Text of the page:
* * *
Robin remembered that day quite well. He also remembered that he said, “What?” many, many times. It all started with...
“Robin, we have a bit of a problem.”
Robin turned to Little John and asked, “What problem? We have a beautiful forest for a home. We have all the meat we need. We’re ready to raid the Sheriff’s tax collector again. What kind of problem could we have?”
“Well, on that last raid Thomas got hit over the head and has filed a worker’s comp claim.”
“A worker’s comp claim.”
“What the dickens is that?”
“Well, I’m not sure. But according to the investigator...”
“The what?” interrupted Robin.
“Uh, the investigator. The worker’s comp insurance fund carrier...”
“The what?” interrupted Robin.
“Uh, the insurance fund carrier. It’s the company that insures all our employees.”
“Employees? What employees? We don’t pay anyone. We just rob from the rich and give to the poor. Then we keep whatever we need to live on. What’s that got to do with employees?”
“Ah, Robin. I don’t understand any of this. That guy over there,” he pointed, “the one in the gray, double-breasted leotard is here to ask a bunch of questions.”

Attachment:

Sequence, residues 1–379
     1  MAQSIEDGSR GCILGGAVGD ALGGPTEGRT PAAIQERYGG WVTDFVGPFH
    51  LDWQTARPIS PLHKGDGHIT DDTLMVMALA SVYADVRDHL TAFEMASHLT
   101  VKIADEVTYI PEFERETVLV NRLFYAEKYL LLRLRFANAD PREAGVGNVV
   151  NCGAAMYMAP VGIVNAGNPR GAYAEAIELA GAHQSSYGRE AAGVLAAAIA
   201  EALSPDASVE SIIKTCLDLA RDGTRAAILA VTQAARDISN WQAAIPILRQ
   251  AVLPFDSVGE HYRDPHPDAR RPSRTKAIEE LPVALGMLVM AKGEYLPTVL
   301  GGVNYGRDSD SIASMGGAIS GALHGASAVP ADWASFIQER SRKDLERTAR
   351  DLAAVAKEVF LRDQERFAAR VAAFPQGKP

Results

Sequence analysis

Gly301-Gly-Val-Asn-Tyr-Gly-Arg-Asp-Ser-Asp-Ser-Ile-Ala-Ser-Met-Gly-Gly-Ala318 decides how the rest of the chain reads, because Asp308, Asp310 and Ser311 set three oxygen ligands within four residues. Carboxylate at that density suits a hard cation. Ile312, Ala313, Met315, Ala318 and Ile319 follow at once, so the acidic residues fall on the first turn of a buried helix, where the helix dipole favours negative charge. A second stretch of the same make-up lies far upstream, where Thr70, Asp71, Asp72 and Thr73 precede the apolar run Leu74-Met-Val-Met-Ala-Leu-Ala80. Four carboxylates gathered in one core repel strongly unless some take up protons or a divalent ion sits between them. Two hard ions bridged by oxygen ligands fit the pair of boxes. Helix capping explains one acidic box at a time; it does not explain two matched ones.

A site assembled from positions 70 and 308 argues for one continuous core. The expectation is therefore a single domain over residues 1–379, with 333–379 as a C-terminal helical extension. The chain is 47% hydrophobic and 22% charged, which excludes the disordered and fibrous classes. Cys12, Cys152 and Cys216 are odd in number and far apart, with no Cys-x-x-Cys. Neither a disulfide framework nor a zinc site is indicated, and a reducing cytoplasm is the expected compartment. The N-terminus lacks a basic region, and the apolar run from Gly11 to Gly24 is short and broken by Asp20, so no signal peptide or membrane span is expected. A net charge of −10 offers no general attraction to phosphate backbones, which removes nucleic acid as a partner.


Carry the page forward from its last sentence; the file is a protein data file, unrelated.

“Tell him to take a hike.”
“Uh, he says we can’t. He has a letter that says he can talk to anyone while conducting his investigation.”
“A letter from whom?”
“Well, he says he doesn’t have to tell us that.”
“Oh, all right. Let him investigate. Whatever that is. Just leave me in peace.”
That peace lasted exactly ten minutes until Alan-A-Dale came up to the table. Robin Hood looked up and motioned him to sit down. Alan sank down on a tree stump and said, “We have a bit of a problem, Robin.”
Robin just shook his head and quietly asked, “What is it this time?”
“The grievance committee just met...”
“The what?” asked Robin Hood.
“Uh, the grievance committee. They just met and voted to file a class action lawsuit against us.”
“A what? What the dickens is that?”
“I don’t have any idea. But, they decided that we need to have a clearly defined maternity leave program. And, until we do, they refuse to go on any more raids.”
“Maternity leave? What are they thinking about? We don’t have any women in our band. Have they forgotten it’s Robin Hood and his Merry MEN?”
“Yeah, well that brings up the other problem.”
Robin let his head drop to his arms and wearily asked, “What other problem?”
“They pointed out that we are in violation of the Equal Employment Opportunity Act by not having any women in the band. If we don’t hire enough women so that at least ten percent of the members are women, they’ll file a complaint.”